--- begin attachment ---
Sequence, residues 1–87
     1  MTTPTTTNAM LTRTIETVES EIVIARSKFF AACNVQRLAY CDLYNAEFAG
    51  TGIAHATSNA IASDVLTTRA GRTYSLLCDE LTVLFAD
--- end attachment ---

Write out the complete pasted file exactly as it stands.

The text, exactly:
Sequence, residues 1–87
     1  MTTPTTTNAM LTRTIETVES EIVIARSKFF AACNVQRLAY CDLYNAEFAG
    51  TGIAHATSNA IASDVLTTRA GRTYSLLCDE LTVLFAD